Thuja plicata


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Thuja plicata

(thoo'ja) [L. thuja, fr Gr. thuia, cedar] See: Western red cedar
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Kiln-dried boards (2 by 6s) 8 feet in length were obtained of three species traditionally believed to be naturally durable, western red cedar (Thuja plicata Donn ex D.
Western red cedar (WRC; Thuja plicata) is highly valued for its decay resistance and, to a lesser degree, for its termite resistance.
If you are dead-set on a conifer try the slower-growing and less invasive western red cedar (Thuja plicata 'Atrovirens').
Forbes), white spruce (Picea glauca (Moench) Voss), and western red cedar (Thuja plicata Donn).
Thuja plicata atrovirens or western red cedar is fast-growing for a lovely, glossy green.
At the 20-year inspection all untreated decks, with the exception of western red cedar (Thuja plicata), would have had to be replaced due to decay of multiple boards, while all chromated copper arsenate-Areated decks remained serviceable regardless of preservative penetration.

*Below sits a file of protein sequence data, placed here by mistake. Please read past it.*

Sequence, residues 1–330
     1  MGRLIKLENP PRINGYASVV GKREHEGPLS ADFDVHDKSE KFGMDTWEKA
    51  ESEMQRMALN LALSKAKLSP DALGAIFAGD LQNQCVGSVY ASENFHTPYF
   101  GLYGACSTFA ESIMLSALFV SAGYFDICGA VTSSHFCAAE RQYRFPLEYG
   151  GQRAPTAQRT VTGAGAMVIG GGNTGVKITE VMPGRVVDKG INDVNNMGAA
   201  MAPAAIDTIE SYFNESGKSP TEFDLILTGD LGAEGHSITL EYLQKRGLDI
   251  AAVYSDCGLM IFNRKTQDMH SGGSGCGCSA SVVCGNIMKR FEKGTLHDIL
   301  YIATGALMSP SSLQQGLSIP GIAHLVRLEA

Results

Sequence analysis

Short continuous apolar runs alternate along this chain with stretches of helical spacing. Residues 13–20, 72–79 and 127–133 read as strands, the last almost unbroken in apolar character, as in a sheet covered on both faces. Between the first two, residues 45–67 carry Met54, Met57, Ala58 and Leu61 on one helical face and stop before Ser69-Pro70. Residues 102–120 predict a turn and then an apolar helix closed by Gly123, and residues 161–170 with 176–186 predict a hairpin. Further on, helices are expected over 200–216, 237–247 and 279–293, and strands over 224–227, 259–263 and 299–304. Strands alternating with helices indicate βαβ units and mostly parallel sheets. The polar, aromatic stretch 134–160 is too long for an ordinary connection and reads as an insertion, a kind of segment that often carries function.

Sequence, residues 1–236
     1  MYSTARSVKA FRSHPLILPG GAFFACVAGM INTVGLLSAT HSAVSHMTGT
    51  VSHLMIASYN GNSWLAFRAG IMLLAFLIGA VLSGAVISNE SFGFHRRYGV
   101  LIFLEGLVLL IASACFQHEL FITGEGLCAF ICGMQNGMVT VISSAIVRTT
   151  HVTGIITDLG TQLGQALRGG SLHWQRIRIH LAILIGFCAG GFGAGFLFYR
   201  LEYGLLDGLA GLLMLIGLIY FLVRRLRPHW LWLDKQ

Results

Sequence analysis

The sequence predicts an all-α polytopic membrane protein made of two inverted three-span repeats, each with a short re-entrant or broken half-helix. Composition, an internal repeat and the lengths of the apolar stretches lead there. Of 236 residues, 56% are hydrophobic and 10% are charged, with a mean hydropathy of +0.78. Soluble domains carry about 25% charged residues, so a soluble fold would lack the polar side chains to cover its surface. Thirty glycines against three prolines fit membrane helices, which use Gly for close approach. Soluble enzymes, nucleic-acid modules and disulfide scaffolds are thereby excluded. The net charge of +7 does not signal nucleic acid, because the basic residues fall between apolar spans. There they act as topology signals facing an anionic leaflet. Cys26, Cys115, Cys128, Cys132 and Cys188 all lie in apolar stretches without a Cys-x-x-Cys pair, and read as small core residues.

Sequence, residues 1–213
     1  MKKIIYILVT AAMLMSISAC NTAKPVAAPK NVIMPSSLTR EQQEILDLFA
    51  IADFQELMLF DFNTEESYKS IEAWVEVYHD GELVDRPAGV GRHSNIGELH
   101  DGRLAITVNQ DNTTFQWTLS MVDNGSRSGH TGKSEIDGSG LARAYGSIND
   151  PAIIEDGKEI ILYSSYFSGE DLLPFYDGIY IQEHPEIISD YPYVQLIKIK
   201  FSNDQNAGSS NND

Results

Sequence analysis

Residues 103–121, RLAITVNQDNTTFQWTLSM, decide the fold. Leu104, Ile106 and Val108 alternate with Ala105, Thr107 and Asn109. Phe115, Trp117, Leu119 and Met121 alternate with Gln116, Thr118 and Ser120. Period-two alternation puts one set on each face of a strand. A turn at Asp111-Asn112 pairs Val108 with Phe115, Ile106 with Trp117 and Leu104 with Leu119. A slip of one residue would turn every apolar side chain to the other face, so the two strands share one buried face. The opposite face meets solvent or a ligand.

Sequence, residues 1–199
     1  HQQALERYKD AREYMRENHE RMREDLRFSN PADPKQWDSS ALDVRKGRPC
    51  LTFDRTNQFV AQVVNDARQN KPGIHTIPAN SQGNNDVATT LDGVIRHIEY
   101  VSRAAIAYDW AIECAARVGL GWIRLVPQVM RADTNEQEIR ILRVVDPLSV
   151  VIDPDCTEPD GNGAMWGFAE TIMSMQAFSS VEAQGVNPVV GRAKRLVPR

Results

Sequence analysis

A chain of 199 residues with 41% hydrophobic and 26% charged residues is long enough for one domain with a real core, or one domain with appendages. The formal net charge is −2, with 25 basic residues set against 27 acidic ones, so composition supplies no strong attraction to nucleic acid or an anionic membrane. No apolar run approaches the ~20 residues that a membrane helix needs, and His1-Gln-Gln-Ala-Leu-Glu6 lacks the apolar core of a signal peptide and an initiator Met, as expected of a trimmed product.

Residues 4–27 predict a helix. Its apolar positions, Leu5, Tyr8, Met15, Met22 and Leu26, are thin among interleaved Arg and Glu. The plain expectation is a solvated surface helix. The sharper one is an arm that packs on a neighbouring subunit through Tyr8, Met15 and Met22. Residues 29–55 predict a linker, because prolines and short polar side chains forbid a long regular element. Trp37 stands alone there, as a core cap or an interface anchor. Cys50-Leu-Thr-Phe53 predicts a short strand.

A Thuja Plicata Atrovriens, bronze/green coloured leaves grows up to a foot a year, nowhere near as invasive as Leylandii and plant about 3 feet apart.
Don) Orsted), western red cedar (Thuja plicata Donn ex D.
A Thuja Plicata Atrovriens, bronze/green coloured leaves grows up to one foot a year, no where near as invasive as Leylandii.
Instead, consider planting the slower growing golden variety Castlewellan, or Thuja plicata, which has green, pungent foliage.